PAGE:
Opinion

Opinion: The ‘Thucydides Trap’ that possibly binds U.S. and China

The U.S. and China are redefining what global tension and conflict look like.
<a href="https://highschool.latimes.com/author/abbychangg/" target="_self">Abby Chang</a>

Abby Chang

July 29, 2022

“It was the rise of Athens, and the fear that this instilled in Sparta, that made war inevitable.” — Thucydides said circa 500 BC. 

Thucydides, an ancient Athenian, is known as one of the most important historians of all time. He famously wrote a book about the Peloponnesian War titled, “History of the Peloponnesian War.” Thucydides combines his first-hand accounts and other sources into an epic retelling of the war. In the end, he drew the lesson that a war between a ruling power, Sparta, and a rising power, Athens, is unavoidable or even inevitable.

Harvard Professor in Government, Graham Allison, took Thucydides a step further to argue that this inevitable pattern has reoccurred many times in history, and a similar conflict is bound to take place in the near future between the hegemonic U.S. and rising China.

However, as certain as that may seem, I contend that both countries, being nuclear armed and prone to escalating low-level conflicts into armageddon, know that it is in their self-interest to avoid direct conflict and prolonged war.

Professor Allison argues that the inevitable nature of the Peloponnesian War reveals a pattern in history — all ruling powers view rising powers as a threat and are bound to engage in a war to contain the rising power. Graham Allison terms this phenomenon the “Thucydides Trap.”

The word “trap” implies that these potential clashes are difficult to escape; in other words, a war is inevitable. Professor Allison illustrates his assertion by citing sixteen historical instances of rising power gradually growing to challenge the ruling power.

Of the 16 precedents he referenced, 12 of them resulted in war. With this convincing pattern, Professor Allison coined the “Thucydides Trap” to spotlight the high likelihood of a direct conflict that may occur between rival countries, especially the U.S. and China.

For around a century, America has enjoyed global supremacy. From the victories of the two World Wars to the Brentwood Conference, the U.S. proved to be a formidable force both militarily and financially. In spite of these global dominances, Professor Allison points out America’s sluggish infrastructure progress.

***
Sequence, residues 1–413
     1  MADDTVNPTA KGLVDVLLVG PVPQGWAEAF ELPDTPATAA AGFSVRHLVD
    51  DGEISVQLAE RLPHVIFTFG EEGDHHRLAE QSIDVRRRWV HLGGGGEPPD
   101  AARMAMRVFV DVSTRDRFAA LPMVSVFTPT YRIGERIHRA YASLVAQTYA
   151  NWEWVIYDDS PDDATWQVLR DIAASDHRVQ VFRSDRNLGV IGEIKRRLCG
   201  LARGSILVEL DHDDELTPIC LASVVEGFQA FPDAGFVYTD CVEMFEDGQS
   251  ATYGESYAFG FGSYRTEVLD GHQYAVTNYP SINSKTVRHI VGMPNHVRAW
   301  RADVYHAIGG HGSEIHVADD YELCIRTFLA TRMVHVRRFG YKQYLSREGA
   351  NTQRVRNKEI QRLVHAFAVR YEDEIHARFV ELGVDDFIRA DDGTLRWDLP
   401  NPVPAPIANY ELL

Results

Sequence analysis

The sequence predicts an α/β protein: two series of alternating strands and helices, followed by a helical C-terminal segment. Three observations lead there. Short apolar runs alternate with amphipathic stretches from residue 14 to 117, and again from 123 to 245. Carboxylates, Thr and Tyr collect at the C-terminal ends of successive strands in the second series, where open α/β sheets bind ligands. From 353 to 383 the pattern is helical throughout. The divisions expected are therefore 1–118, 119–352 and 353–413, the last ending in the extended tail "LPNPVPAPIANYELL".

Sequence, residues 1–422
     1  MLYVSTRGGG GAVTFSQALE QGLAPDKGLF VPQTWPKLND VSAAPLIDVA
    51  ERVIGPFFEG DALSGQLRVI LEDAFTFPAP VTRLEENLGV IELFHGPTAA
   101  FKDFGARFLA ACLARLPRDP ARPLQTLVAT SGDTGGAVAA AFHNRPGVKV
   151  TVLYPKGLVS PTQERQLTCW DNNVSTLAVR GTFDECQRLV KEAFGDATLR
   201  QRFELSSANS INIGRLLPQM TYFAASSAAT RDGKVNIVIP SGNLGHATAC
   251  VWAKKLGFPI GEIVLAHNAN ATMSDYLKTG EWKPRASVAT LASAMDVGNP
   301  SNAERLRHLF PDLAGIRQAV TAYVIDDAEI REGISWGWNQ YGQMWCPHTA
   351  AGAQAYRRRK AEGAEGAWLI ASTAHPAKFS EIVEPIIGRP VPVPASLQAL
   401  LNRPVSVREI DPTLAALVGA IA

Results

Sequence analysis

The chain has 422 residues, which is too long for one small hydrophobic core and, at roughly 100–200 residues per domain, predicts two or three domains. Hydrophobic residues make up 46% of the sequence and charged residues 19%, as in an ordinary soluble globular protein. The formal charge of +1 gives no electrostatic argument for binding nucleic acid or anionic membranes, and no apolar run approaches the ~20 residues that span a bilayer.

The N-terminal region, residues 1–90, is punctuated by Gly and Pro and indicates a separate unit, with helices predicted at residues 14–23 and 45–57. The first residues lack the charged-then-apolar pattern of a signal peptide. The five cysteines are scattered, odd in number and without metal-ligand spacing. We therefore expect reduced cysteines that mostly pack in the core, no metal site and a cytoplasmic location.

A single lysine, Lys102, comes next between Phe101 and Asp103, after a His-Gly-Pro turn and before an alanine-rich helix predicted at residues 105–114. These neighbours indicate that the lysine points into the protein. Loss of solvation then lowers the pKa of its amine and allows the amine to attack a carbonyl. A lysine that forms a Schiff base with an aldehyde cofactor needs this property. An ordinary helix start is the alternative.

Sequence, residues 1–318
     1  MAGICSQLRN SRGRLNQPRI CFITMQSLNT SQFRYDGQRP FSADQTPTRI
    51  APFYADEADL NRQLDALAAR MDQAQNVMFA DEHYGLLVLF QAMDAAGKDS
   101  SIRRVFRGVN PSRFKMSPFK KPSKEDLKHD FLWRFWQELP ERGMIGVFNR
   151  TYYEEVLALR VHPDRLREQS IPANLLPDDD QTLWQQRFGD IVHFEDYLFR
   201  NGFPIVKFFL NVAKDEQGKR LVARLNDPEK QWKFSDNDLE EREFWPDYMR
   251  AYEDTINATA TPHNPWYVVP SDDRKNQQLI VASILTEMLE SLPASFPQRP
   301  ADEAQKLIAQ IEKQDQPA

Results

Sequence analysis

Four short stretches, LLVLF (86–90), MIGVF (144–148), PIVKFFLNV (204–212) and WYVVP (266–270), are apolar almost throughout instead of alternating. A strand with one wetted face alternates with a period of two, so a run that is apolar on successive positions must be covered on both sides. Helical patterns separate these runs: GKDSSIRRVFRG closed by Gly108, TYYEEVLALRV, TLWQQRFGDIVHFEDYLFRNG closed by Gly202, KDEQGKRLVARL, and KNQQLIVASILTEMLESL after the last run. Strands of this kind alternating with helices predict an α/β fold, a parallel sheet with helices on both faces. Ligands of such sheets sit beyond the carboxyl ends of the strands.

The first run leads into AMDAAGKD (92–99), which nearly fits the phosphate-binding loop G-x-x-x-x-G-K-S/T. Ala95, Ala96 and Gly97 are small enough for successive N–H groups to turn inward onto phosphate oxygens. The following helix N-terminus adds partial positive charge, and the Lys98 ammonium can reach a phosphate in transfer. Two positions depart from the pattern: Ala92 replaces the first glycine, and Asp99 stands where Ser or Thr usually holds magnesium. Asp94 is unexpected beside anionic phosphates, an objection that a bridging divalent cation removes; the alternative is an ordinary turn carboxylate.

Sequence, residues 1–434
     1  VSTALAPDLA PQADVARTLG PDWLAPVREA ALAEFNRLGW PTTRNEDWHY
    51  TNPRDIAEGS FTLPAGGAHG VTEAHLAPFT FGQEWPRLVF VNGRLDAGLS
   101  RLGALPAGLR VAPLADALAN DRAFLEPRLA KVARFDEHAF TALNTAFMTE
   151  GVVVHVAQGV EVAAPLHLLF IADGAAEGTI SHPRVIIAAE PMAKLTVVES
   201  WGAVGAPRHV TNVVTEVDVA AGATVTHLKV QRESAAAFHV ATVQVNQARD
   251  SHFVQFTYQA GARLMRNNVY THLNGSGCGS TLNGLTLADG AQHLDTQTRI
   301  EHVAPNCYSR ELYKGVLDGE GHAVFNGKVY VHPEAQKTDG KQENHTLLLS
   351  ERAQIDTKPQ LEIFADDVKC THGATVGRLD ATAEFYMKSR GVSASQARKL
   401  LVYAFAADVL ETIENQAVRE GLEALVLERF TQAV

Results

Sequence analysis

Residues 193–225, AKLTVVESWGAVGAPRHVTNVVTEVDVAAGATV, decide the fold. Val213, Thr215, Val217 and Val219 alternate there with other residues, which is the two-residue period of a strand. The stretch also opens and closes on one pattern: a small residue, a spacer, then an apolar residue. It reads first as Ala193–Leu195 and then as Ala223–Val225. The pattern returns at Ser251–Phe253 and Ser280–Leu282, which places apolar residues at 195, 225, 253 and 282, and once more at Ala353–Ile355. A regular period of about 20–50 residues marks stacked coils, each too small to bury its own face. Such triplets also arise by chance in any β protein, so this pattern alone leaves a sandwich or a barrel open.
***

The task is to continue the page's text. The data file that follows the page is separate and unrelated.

As an example, he mentions a bridge in Cambridge that took over 5 years to complete and finished almost three times over budget. In contrast, China built a much larger bridge with many more lanes within 43 hours.

Thus, China is not only becoming mightier but is also growing faster than expected. Truly, China went from the rags of the Cultural Revolution to the riches of modern-day industrial power so drastically that the nation will soon challenge the US for its position as the head world power.

Though the current political dynamics between China and the U.S. seems a classic case of the “Thucydides Trap,” other more powerful factors exist to prevent a direct conflict between the U.S. and China.

For one, according to Brookings, both countries have nuclear arms that can annihilate the opposing country. Both countries may hesitate to engage in open war because low-level battles could easily escalate into exchanges of nuclear missiles. Millions of people could die on both sides, never mind the sheer amount of physical destruction.

If these nations were to escalate their tensions, it would be in their self-interests to limit conflict to a proxy war. For example, during the Cold War, the U.S. and Soviet Union never engaged directly. Instead, both nations fought proxy wars in countries such as Vietnam, Korea and Afghanistan. Likewise, China and the U.S. may also settle their animosities via proxy wars in disputed regions, such as the South China Sea or Taiwan.

Currently, the U.S. placed multiple sanctions on several allied nations to prevent China from gaining the materials needed to manufacture advanced technological chips used in a wide range of military systems, according to CNBC.

If the U.S. succeeds at sustaining this technological supremacy, then China will hesitate to clash in a direct war. Instead, the Modern War Institute finds that China, the rising power, will prefer to participate in asymmetrical warfare, such as cyberattacks or energy disruptions, to weaken the US, rather than engaging in head-on conflicts.

Thus, even though the “Thucydides Trap” aligns with past power conflicts, international circumstances in the 21st Century have changed, making the “trap” no longer inevitable. With the creation of nuclear weapons and targeted use of sanctions, the U.S. and China are redefining what global tension and conflict look like.

Regardless of the outcome, the ways in which this conflict is settled will become a noteworthy moment in the century to come.

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